He's put more GLBT people in positions of power in his administration than any other president before him. THAT IS CHANGE.

            GLBT Americans now have the right to visit their loved ones in the hospital. THAT IS CHANGE.

            GLBT Americans who work for the Fed can now get benefits for their loved ones just like straight employees. THAT IS CHANGE.

            You can argue it's not the change you want or it's not enough, but to say you voted for change and got NO change is dishonest.

            "Palin tried marijuana years ago. She said it distorted her perceptions & impaired her thinking. She hopes the effects will eventually one day wear off." -

            by marabout40 on Thu Aug 05, 2010 at 07:44:29 PM PDT

            [ Parent ]

            •  No, they can't. (2+ / 0-)
              Recommended by:
              musing85, JesseCW

              This simply isn't true:

              GLBT Americans who work for the Fed can now get benefits for their loved ones just like straight employees. THAT IS CHANGE.

              DOMA doesn't permit it.

              Maladie d'Amour, Où l'on meurt d'Aimer, Seul et sans Amour, Sid'abandonné

              by FogCityJohn on Thu Aug 05, 2010 at 11:09:07 PM PDT

              [ Parent ]

            •  You'd make a much better advocate for the (1+ / 0-)
              Recommended by:
              musing85

              case you're trying to advance if you educated yourself just a little bit about the claims you're making.

              GLBT Americans now have the right to visit their loved ones in the hospital. THAT IS CHANGE.

              No, they have the ability ( not the recognized right )to visit their loved ones in some* hospitals, merely though an Executive Order the next President can overturn with the stroke of a pen.

              GLBT Americans who work for the Fed can now get benefits for their loved ones just like straight employees. THAT IS CHANGE.

              This is just false.  Completely, and absolutely, false.

              I won't say you're being dishonest, because I don't think you've bothered to research your claims.

              We need to stop going halfway around the world to wage war on people who don't even change out of their jammies to fight us.

              by JesseCW on Fri Aug 06, 2010 at 01:34:04 AM PDT

              [ Parent ]

              •  hmmm.... (0+ / 0-)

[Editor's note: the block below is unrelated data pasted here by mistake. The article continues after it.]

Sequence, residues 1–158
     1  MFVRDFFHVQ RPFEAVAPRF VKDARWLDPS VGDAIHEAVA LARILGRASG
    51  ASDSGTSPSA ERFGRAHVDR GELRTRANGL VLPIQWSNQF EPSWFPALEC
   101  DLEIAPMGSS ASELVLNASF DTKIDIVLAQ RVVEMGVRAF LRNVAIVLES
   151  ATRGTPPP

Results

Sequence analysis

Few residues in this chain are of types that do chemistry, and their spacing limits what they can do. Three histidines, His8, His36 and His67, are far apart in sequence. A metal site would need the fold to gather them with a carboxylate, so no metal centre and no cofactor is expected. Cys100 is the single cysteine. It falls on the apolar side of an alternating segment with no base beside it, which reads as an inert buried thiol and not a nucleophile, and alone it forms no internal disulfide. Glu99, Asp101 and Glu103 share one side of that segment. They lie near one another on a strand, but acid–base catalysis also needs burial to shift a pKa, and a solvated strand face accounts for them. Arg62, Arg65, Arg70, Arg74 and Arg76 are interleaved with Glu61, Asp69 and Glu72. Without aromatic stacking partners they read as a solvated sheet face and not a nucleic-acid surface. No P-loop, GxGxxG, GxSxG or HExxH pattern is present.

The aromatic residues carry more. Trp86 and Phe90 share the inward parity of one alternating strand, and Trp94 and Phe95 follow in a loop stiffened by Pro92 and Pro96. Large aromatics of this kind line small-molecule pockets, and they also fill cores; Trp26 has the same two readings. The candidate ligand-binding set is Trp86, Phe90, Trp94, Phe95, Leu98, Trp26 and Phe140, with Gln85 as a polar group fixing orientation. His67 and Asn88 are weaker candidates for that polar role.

(Reuters) - President Barack Obama on Wednesday expanded benefits for same-sex partners of federal employees, a move likely to be welcomed by gay rights activists who have questioned his commitment to their causes.

                Obama said he had directed government agencies to offer a number of new benefits to the families of gay and lesbian federal employees, including family assistance services, hardship transfers and relocation expenses.

                His directive builds on a move he made last year to offer healthcare benefits, sick leave and medical evacuation for same-sex partners of federal employees.

                "Palin tried marijuana years ago. She said it distorted her perceptions & impaired her thinking. She hopes the effects will eventually one day wear off." -

                by marabout40 on Fri Aug 06, 2010 at 06:20:26 AM PDT

                [ Parent ]

                •  A tiny subset of the same benefits (2+ / 0-)
                  Recommended by:
                  Predictor, JesseCW

                  that non-gay federal employees get--and none of the important ones, like the right to be carried on a partner's insurance, the right to retirement benefits, or not being taxed extra because you are carried on a partner's insurance. And all of those things were actually in place under Bush--who could, as any of Obama's successors can, if they are so inclined--have done away with them with the stroke of a pen.

                •  So you really can't see what you wrote right (1+ / 0-)
                  Recommended by:
                  musing85

                  up stream?

                  GLBT Americans who work for the Fed can now get benefits for their loved ones just like straight employees

                  They can get some of the benefits their straight coworkers get.

                  1. They can buy into Federal Health Benefits at the group rate, but they have to pay the full price, unlike their straight coworkers who are heavily subsidized.

                  That mean they may be able to get coverage for 700 a month for their partner with cancer.  That's some progress, but it's not just like their straight coworker who is paying 120 a month out of pocket to cover their partner with cancer - and getting a tax break for it.

                  1. No pension benefits for their partner.

                  Now, please, for once, be honest.

                  Just admit you overreached, instead of insisting on missing the point and shouting "WELL THAT"S STILL SOMETHING!!!" and then going off grumbling about how 'some people can't be satisfied with anything'.